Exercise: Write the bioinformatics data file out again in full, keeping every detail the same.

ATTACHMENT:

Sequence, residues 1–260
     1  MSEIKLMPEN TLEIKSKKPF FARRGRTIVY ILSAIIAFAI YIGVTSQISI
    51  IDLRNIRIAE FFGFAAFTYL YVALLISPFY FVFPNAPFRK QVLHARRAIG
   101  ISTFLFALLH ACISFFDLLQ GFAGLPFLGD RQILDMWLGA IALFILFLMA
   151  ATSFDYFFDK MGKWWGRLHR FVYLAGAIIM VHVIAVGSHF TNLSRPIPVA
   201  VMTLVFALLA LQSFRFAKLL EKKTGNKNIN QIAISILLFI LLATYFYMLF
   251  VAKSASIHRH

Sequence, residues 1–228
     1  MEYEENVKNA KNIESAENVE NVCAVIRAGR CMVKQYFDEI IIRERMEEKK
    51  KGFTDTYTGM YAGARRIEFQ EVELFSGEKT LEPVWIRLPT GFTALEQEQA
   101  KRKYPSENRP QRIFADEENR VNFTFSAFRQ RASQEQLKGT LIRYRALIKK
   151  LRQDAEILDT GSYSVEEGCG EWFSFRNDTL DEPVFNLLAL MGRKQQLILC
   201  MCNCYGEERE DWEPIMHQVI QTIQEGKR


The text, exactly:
Sequence, residues 1–260
     1  MSEIKLMPEN TLEIKSKKPF FARRGRTIVY ILSAIIAFAI YIGVTSQISI
    51  IDLRNIRIAE FFGFAAFTYL YVALLISPFY FVFPNAPFRK QVLHARRAIG
   101  ISTFLFALLH ACISFFDLLQ GFAGLPFLGD RQILDMWLGA IALFILFLMA
   151  ATSFDYFFDK MGKWWGRLHR FVYLAGAIIM VHVIAVGSHF TNLSRPIPVA
   201  VMTLVFALLA LQSFRFAKLL EKKTGNKNIN QIAISILLFI LLATYFYMLF
   251  VAKSASIHRH

Sequence, residues 1–228
     1  MEYEENVKNA KNIESAENVE NVCAVIRAGR CMVKQYFDEI IIRERMEEKK
    51  KGFTDTYTGM YAGARRIEFQ EVELFSGEKT LEPVWIRLPT GFTALEQEQA
   101  KRKYPSENRP QRIFADEENR VNFTFSAFRQ RASQEQLKGT LIRYRALIKK
   151  LRQDAEILDT GSYSVEEGCG EWFSFRNDTL DEPVFNLLAL MGRKQQLILC
   201  MCNCYGEERE DWEPIMHQVI QTIQEGKR